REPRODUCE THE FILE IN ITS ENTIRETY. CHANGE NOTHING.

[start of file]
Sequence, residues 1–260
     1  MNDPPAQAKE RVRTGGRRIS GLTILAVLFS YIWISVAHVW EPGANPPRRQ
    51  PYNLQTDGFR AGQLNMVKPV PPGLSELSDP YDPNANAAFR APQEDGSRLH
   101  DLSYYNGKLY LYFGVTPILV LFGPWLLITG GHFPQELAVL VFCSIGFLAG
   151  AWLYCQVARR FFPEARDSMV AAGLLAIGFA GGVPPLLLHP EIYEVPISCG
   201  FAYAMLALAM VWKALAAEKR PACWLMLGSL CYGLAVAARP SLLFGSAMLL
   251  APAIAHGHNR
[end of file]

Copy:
Sequence, residues 1–260
     1  MNDPPAQAKE RVRTGGRRIS GLTILAVLFS YIWISVAHVW EPGANPPRRQ
    51  PYNLQTDGFR AGQLNMVKPV PPGLSELSDP YDPNANAAFR APQEDGSRLH
   101  DLSYYNGKLY LYFGVTPILV LFGPWLLITG GHFPQELAVL VFCSIGFLAG
   151  AWLYCQVARR FFPEARDSMV AAGLLAIGFA GGVPPLLLHP EIYEVPISCG
   201  FAYAMLALAM VWKALAAEKR PACWLMLGSL CYGLAVAARP SLLFGSAMLL
   251  APAIAHGHNR